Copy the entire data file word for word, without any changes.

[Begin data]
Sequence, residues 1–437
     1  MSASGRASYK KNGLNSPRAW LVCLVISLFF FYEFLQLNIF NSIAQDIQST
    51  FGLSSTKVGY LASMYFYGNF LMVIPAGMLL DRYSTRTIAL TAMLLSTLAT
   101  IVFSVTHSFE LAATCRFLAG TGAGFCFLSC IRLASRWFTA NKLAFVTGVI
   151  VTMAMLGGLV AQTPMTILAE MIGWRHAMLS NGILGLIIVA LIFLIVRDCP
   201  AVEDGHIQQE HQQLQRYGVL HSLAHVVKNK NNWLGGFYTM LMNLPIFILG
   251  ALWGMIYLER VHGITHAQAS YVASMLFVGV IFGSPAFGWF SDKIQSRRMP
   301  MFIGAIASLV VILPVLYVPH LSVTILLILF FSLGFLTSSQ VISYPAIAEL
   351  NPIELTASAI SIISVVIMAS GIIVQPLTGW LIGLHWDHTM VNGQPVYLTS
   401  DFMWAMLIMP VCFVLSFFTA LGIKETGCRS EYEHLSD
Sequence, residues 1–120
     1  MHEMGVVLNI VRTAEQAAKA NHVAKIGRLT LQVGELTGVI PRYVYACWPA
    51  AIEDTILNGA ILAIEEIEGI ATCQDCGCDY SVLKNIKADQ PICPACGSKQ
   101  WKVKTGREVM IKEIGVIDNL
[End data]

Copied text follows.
Sequence, residues 1–437
     1  MSASGRASYK KNGLNSPRAW LVCLVISLFF FYEFLQLNIF NSIAQDIQST
    51  FGLSSTKVGY LASMYFYGNF LMVIPAGMLL DRYSTRTIAL TAMLLSTLAT
   101  IVFSVTHSFE LAATCRFLAG TGAGFCFLSC IRLASRWFTA NKLAFVTGVI
   151  VTMAMLGGLV AQTPMTILAE MIGWRHAMLS NGILGLIIVA LIFLIVRDCP
   201  AVEDGHIQQE HQQLQRYGVL HSLAHVVKNK NNWLGGFYTM LMNLPIFILG
   251  ALWGMIYLER VHGITHAQAS YVASMLFVGV IFGSPAFGWF SDKIQSRRMP
   301  MFIGAIASLV VILPVLYVPH LSVTILLILF FSLGFLTSSQ VISYPAIAEL
   351  NPIELTASAI SIISVVIMAS GIIVQPLTGW LIGLHWDHTM VNGQPVYLTS
   401  DFMWAMLIMP VCFVLSFFTA LGIKETGCRS EYEHLSD
Sequence, residues 1–120
     1  MHEMGVVLNI VRTAEQAAKA NHVAKIGRLT LQVGELTGVI PRYVYACWPA
    51  AIEDTILNGA ILAIEEIEGI ATCQDCGCDY SVLKNIKADQ PICPACGSKQ
   101  WKVKTGREVM IKEIGVIDNL